David Cloke - In 1992, post his VFL/AFL career, Cloke joined Ainslie Football Club in the ACT as captain-coach, and guided them to a flag, a success repeated the following year when he won the Alex Jesaulenko Trophy for best afield in the grand final. He joined Victorian Football Association club Port Melbourne as non-playing coach in 1994, although did come out of retirement to play a handful of games during the season due to his team's long injury list. Cloke was inducted into Richmond's Hall of Fame in 2007.

Michael Turner - In 1989, Turner signed on as captain-coach of Werribee in the Victorian Football Association. In 1995 he was appointed by AFL Victoria to be the regional manager for the Geelong Falcons, responsible for the development of junior talent in the area.

Laurie Serafini - Serafini remained involved in football after injuries caused his premature retirement and when his old club merged with the Bears he became a director at the Brisbane Lions.

Mark Maclure - He currently works as a football commentator for ABC Radio and appears once a week on AFL 360, Fox Footy's Monday to Thursday television program.

Michael Moncrieff - After retirement from AFL in 1986, Moncrieff played for Sandringham in the Victorian Football Association. Off-field, Moncrieff served as president of the Victorian Football League Players' Association, and later served as a member of the AFL Grievance Tribunal.

Robert Flower - After retiring as a player, Flower was inducted in the Australian Football Hall of Fame in 1996 and was named on the wing in Melbourne's Team of the Century. He later served on the Melbourne board until he resigned after being diagnosed with cardiomyopathy in 2004. Sadly, Flower died on 2 October 2014, after a brief illness.

Kelvin Templeton - Templeton become the CEO of the Sydney Swans as they started to become a power in the Australian Football League.

So, it's not rocket science to work out why 'Footy Favourites' has been chosen to be the centre of attention for this months WOCK on Vinyl post - the singing is Wofull, Out of Bounds, Corny and no goals were Kicked during the making of this album. Enjoy if you can.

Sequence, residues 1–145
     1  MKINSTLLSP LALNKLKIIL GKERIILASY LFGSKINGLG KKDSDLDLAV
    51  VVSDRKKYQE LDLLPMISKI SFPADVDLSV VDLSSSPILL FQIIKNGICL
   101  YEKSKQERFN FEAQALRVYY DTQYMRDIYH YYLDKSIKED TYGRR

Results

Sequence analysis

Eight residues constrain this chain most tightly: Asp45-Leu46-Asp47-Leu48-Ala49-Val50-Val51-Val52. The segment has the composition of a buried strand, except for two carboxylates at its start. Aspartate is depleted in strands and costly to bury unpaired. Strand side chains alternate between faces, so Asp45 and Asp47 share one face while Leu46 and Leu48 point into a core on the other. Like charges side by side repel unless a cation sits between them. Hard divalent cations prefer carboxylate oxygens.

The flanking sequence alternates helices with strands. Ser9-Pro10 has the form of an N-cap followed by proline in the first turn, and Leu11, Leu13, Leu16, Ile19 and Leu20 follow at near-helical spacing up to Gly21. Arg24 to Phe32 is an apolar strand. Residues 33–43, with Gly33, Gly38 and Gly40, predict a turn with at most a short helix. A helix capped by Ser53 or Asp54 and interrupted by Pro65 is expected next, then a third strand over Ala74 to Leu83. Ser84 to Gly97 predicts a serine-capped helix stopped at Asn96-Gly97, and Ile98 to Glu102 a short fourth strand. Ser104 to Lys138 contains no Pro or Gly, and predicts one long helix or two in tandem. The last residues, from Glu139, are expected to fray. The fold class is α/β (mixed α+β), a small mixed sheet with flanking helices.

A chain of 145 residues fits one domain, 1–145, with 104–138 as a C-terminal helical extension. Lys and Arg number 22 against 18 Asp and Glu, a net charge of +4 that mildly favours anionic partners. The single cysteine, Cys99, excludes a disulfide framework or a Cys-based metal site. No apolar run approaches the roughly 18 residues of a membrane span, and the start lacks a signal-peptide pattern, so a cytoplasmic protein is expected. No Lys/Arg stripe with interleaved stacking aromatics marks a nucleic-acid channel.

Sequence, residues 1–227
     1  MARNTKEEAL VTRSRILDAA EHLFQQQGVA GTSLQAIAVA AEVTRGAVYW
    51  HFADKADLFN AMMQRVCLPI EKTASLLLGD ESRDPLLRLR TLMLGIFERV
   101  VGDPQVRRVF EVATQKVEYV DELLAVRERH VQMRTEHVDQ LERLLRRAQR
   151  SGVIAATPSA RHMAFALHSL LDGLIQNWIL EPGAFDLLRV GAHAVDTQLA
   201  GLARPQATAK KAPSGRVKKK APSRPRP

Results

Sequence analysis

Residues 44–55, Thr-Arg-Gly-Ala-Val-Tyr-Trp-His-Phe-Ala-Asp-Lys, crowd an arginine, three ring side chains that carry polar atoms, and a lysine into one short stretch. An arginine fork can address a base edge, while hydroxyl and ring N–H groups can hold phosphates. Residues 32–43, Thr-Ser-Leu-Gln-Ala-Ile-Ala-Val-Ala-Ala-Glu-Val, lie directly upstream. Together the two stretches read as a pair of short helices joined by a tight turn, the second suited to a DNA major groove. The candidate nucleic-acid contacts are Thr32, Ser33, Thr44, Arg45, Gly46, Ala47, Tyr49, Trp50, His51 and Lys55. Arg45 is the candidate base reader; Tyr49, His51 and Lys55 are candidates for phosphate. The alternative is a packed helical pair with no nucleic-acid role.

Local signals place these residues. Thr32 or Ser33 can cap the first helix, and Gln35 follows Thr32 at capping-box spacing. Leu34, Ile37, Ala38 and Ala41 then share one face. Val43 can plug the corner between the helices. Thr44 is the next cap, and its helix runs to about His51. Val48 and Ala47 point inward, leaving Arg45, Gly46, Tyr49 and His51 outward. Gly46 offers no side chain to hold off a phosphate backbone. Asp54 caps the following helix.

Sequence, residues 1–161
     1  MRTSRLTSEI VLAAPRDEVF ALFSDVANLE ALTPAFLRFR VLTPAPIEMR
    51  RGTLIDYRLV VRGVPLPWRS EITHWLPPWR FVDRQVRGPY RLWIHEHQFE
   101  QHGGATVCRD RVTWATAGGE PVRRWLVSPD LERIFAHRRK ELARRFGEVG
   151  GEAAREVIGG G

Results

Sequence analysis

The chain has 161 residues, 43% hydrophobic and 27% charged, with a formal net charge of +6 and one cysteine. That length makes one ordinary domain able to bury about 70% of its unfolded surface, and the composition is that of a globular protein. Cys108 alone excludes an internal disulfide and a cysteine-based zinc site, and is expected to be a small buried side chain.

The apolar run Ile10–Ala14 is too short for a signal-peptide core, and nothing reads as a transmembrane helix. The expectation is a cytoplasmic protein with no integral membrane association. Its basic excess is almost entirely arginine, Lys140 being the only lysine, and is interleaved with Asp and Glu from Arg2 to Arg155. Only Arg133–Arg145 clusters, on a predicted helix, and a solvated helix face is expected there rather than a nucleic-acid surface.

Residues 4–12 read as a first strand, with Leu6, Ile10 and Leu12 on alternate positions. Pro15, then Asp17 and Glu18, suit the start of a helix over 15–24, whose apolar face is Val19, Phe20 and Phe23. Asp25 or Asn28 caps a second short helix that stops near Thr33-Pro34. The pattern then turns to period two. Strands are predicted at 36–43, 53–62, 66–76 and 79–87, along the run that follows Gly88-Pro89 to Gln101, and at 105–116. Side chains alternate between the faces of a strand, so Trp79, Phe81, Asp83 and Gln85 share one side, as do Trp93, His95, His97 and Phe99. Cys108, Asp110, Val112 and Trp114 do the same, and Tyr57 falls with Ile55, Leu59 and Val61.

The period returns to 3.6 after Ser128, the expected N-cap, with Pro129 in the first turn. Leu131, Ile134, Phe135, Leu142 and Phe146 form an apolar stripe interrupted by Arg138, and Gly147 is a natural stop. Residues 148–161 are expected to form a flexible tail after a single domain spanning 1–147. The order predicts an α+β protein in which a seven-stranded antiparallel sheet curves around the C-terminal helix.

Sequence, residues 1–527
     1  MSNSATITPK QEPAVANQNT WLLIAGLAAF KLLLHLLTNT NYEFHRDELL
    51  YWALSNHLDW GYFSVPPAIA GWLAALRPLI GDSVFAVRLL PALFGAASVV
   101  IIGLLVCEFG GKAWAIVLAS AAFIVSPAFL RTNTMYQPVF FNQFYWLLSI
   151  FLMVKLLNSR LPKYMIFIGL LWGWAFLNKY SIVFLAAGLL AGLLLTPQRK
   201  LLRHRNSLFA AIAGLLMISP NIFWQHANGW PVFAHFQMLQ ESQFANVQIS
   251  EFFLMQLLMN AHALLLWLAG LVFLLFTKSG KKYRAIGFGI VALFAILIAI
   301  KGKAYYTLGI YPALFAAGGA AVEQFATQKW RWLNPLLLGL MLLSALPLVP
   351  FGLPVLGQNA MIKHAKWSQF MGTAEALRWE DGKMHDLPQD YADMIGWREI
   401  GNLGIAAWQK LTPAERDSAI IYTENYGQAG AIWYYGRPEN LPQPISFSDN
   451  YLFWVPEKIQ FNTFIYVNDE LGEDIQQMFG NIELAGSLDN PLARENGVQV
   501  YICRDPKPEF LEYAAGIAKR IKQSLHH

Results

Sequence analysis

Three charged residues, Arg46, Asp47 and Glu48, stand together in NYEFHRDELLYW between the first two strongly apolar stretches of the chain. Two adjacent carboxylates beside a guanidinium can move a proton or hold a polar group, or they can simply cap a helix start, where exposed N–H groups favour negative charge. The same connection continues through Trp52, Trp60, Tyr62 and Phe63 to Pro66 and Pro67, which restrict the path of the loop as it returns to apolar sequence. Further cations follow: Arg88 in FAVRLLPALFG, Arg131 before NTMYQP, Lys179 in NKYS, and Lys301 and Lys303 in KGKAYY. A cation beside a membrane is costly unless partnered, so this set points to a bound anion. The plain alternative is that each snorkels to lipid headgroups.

Track listing
A1 Tim Watson (Essendon) - Ruby (Don't Take Your Love to Town)
A2 Trevor Barker (St Kilda) - I Can See Clearly Now
A3 Ray Shaw (Collingwood) - Danny Boy
A4 Wayne Schimmelbusch (North Melbourne) - Twenty Miles
A5 Barry Round (South Melbourne) - Little Jeannie
A6 David Cloke (Richmond) - The Letter
B1 Michael Turner (Geelong) - I Go to Rio
B2 Laurie Serafini (Fitzroy) - Hard Rock Cafe
B3 Mark Maclure (Carlton) - Imagine
B4 Michael Moncrieff (Hawthorn) - Don't Stand So Close to Me
B5 Robert Flower (Melbourne) - Macho Man
B6 Kelvin Templeton (Footscray) - Who's Sorry Now 

Footy Favourites MP3 (320kps) Link (62Mb)

Sunday, June 25, 2017

The Gregg Allman Band - Playin' Up A Storm (1977)

(U.S 1960 - 2017)
Born in Nashville, Tennessee, Gregg Allman was known for his long blond hair. He was raised in Florida by a single mother after his father was shot to death. Allman idolized his older brother, Duane, eventually joining a series of bands with him. Together they formed the nucleus of The Allman Brothers Band. The original band featured extended jams, tight guitar harmonies by Duane Allman and Dickey Betts, rhythms from a pair of drummers and the smoky blues inflected voice of Gregg Allman. Songs such as Whipping Post, Ramblin’ Man and Midnight Rider helped define what came to be known as Southern rock and opened the doors for such stars as Lynyrd Skynyrd and the Marshall Tucker Band.

In 1975, Cher and Allman married three days after she divorced her husband and singing partner, Sonny Bono. Their marriage was tumultuous from the start; Cher requested a divorce just nine days after their Las Vegas wedding, although she dismissed the suit a month later.

Together they released a widely panned duets album under the name Allman and Woman. They had one child together, Elijah Blue, and Cher filed for legal separation in 1977. He recorded his second solo album, 'Playin' Up a Storm', with the Gregg Allman Band, and it was released in May 1977.

Sadly, Allman recently passed away (May 27, 2017) at the age of 69 of complications from liver cancer.

Cher & Gregg 1977
Album Review
'Playin’ Up A Storm' is the debut album under The Gregg Allman Band title and is Greg Allman’s overall second effort outside The Allman Brothers Band. “Playin’ Up A Storm” was released in 1977 on the Capricorn label and was produced by Lenny Waronker and Russ Titelman.

The “Playin’ Up A Storm” lineup consisted of Gregg Allman on vocals, acoustic guitar, organ and piano, Bill Stewart on drums, Neil Larsen on the fender rhodes, piano, electric piano and synthesizer, Ricky Hirsch on acoustic, electric and slide guitar, Steve Beckmeier on electric guitar, John Hug on electric guitar and lastly, Willie Weeks on bass.